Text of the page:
I am trying to work out the best way to secure user credentials for the login of the service i am working on. The safest way would be to use hashing and salting however this project requires the password to be decrypted so that the support staff can login to the users account (if the user opens a support ticket if something is not working right).

I have done some research and it seems like AES is the best option. My concern is how I should be storing the encryption keys on the server, because if the server is compromised then the hacker has access to the keys to decrypt all the credentials.

I would be grateful if someone could inform me on the best practices i should use for this project.

Side note: I am programming the backend in NodeJS and it will be running on a private linux VPS.


Generally, it's good practice to allow some other method of impersonation. By allowing administration staff access to passwords, you lose the ability to verify that a given user has performed a given action - it might be the original user, it might be your admin staff. It also compromises any users who happen to re-use passwords on your site and elsewhere - it would only take one admin user writing down the username and password, and finding the same details in use on another site.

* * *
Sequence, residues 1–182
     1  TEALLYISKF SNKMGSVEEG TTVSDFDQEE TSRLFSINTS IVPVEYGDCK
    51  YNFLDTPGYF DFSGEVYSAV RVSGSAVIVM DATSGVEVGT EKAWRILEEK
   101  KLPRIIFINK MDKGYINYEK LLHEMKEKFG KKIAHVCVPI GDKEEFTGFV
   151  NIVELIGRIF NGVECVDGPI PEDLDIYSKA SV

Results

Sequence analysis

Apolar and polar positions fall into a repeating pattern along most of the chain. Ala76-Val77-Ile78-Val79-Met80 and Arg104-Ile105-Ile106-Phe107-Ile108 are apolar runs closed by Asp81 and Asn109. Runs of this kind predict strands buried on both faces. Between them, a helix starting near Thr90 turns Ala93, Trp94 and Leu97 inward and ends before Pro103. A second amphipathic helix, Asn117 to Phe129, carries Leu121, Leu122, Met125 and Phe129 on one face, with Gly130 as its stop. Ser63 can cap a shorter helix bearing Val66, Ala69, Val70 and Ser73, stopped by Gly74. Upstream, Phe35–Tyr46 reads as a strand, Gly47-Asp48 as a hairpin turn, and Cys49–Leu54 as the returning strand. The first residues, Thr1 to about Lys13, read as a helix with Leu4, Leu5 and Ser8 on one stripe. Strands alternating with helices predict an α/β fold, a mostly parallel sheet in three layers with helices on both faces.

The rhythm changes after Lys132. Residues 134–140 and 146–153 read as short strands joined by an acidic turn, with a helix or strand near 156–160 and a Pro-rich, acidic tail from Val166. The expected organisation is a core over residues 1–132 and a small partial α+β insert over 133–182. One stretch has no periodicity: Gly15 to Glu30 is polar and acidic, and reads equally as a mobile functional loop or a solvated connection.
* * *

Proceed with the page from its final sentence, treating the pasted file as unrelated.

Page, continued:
If you must allow logging in as another user, the admin staff should reset the password to one they know, make whatever changes they need to do, then enforce a password reset when the user next logs in.

In short, don't do this - either implement another method of impersonation, which logs the admin user who accessed the account, the time, and what they did, or make use of your existing password reset processes, and ensure that the password known to the admin staff is changed the next time the user logs in.

  • Yes, this is an option I was considering. In any case, i was going to make their password automatically generated - not their own password, so if the database is comprimised then it wont affect their other accounts. – Andy Feb 6 '17 at 12:26
  • If they can reset the password to one of their choice (which is usually a good idea), that doesn't help... – Matthew Feb 6 '17 at 12:30
  • ok thanks for the help! I will use your advice to plan out a new system. – Andy Feb 6 '17 at 12:36

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